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Working parents: how to work from home if you have children in Japan

Working parents: how to work from home if you have children in Japan

With many schools currently closed around the world, working from home with children around has become a reality for many parents in these unprecedented times in Japan. So what can working parents do to ensure their children are occupied and happy while still being able to support their business and colleagues? Based on real experiences of Hays employees who are parents, here are six tips for working at home with kids.

1. Write a family schedule

Creating a family schedule early on is a great way to kickstart the work from home process for parents. Ideally, this schedule should outline a full day from waking to bedtime, and include set office hours, mealtimes and breaks. It also helps to line up work plans with the children’s typical routines – for example, parents of young ones may find it easier to schedule calls during naptime or when older children are doing schoolwork. If there are multiple working adults in the household, it may also help to allocate who will ‘own’ each chunk of time, thereby helping everyone ensure they have some distraction free work time.

2. Agree your working hours

Depending on what age your children are, it may be necessary to alter working hours to their needs. So make sure you are able to discuss and agree on the changes in your hours with your manager. Most leaders will want to maintain as much business continuity as possible at such challenging times, while also setting an understanding tone amongst employees – so they should be accommodating of reasonable requests.

3. Stick to your routine

Once your schedule is in place, trying not to deviate from it is the next challenge. It is equally important that your children adjust to the circumstances quickly, and establishing a routine is vital to achieving this, as well as assuring their general wellbeing. It will also be a good way to make them understand that there are set times where – if possible – they should try to not disturb any working adults.

4. Keep your children entertained

It can be helpful to preplan games and activities for the week ahead to ensure your children aren’t bored during this time period. Consider occupying them with things like art projects, learning and research tasks, gardening or exercise. For older kids, give them some extra responsibilities such as looking after their younger siblings or maybe ‘owning’ certain mealtimes. Of course, it’s important to reward them for this behavior, so consider pushing their usual bedtime back, increasing their pocket money or whatever other perks you see fit.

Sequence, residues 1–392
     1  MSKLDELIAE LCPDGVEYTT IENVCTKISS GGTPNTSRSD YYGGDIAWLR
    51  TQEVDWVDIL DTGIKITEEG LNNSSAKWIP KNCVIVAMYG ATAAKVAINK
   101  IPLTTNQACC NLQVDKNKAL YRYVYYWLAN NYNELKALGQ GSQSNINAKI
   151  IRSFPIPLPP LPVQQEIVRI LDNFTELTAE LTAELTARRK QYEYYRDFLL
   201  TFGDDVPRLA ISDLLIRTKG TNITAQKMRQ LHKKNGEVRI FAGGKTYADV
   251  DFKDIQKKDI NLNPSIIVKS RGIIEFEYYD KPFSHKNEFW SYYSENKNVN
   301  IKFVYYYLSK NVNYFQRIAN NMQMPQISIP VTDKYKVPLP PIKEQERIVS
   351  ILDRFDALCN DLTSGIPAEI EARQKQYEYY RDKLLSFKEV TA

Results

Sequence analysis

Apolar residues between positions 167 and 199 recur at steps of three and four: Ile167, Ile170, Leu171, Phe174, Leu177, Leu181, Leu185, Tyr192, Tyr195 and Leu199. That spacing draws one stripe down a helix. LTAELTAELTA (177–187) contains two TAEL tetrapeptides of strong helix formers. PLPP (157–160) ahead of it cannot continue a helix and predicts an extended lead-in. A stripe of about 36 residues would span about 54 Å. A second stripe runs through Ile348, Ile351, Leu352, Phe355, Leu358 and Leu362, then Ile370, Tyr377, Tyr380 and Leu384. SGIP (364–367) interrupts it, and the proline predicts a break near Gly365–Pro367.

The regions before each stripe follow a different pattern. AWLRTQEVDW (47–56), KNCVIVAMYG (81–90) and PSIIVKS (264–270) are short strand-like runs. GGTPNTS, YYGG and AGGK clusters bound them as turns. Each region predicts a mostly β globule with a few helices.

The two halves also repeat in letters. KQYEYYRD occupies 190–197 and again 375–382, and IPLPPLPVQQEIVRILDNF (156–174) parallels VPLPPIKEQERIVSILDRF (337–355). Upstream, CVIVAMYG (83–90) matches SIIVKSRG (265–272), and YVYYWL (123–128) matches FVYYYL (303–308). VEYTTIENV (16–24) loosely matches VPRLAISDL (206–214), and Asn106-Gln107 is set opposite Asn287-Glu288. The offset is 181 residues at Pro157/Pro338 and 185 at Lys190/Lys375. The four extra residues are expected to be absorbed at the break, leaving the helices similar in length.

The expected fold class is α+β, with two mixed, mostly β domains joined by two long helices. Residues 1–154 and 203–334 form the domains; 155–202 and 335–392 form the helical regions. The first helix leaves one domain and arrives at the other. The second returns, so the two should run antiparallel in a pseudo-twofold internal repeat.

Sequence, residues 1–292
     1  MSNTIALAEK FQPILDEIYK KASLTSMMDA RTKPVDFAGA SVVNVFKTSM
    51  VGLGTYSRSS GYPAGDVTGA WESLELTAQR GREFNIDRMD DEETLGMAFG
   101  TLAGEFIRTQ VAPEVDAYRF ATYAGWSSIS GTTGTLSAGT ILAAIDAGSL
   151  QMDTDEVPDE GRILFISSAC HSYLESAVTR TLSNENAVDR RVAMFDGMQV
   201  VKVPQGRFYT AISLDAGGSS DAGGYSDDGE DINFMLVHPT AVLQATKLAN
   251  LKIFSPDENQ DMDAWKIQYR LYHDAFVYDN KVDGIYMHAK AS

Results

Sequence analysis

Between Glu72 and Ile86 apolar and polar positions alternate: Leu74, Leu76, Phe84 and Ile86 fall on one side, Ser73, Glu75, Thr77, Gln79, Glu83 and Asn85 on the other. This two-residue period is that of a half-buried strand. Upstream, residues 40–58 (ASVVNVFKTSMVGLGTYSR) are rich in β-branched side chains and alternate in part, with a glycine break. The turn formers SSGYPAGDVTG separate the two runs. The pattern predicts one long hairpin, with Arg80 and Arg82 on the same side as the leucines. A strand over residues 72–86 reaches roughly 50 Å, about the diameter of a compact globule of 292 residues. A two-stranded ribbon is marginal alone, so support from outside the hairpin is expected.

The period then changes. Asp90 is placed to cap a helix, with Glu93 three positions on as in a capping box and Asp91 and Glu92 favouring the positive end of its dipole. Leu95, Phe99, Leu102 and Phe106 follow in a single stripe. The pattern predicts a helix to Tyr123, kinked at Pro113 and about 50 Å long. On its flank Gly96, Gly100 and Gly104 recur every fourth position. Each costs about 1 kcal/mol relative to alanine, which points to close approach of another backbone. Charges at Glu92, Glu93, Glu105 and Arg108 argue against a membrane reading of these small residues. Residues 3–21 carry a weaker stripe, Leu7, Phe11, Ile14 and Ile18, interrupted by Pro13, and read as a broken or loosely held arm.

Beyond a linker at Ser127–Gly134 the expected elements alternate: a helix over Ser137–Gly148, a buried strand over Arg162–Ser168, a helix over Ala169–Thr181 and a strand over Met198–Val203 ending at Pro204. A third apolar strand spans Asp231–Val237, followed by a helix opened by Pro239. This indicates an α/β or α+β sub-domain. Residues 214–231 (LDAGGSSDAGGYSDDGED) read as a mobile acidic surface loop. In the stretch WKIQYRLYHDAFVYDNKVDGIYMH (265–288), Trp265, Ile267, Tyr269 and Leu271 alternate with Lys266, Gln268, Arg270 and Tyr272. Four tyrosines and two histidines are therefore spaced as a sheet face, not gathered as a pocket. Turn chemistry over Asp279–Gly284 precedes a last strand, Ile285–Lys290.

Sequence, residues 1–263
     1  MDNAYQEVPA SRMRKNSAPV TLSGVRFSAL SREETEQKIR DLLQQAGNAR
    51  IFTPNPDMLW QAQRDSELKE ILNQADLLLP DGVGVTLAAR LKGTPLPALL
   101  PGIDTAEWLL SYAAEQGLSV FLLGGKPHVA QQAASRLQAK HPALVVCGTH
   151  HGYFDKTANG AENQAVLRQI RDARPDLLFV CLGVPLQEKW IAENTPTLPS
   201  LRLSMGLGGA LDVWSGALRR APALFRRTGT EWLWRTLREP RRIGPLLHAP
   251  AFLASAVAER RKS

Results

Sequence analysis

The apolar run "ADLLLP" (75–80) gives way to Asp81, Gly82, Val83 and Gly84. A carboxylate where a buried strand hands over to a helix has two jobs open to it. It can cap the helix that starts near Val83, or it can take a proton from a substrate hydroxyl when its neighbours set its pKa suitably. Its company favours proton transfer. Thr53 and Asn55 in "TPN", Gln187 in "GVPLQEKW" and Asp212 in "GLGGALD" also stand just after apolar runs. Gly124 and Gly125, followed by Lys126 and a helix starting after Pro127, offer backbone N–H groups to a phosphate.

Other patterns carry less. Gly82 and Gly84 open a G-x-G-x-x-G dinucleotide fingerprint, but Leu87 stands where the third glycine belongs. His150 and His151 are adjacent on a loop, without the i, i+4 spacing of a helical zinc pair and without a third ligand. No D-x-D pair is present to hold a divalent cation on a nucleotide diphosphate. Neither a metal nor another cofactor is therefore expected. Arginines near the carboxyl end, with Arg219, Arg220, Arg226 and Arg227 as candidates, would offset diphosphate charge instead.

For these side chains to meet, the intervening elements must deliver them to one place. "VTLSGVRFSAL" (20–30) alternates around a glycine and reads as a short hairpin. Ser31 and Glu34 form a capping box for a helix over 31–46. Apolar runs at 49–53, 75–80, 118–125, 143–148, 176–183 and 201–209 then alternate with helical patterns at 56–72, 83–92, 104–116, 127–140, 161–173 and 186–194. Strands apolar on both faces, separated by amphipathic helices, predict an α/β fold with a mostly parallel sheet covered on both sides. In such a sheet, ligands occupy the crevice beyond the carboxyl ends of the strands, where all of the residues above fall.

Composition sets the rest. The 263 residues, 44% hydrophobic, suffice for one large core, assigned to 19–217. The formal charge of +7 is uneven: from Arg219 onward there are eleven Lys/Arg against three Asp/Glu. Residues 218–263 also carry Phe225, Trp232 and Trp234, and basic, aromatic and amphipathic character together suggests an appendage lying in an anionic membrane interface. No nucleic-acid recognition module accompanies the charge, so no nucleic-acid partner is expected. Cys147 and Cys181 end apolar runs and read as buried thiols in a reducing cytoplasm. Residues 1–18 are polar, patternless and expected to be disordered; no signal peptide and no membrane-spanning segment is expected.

5. Set your work zone

For many parents the thought of creating an ‘adult only’ zone in their home may be wishful thinking. However, for kids who are a bit older, it could help to try and carve out a space to work that is free from children’s paraphernalia. This will help keep your work and parenting roles separate, which will then allow you to give each your full concentration for a set amount of time without compromising on either.

6. Expect the unexpected

For parents who are struggling to juggle their responsibilities from home, it can help to remember not to worry when things don’t go to plan. There is no point being too stressed about your child suddenly interrupting a conference call, or needing to rearrange a video-meeting at short notice because one of your toddlers hurt themselves. These things happen, and under the circumstances, most of your colleagues, or customers should be understanding of your challenges.”

 

Finally, try to enjoy this time together. These are stressful times for many people in Japan. However, it is important to try to notice the silver lining wherever you may find it. Chances are, your kids will be pretty excited to be spending so much extra time with you. 

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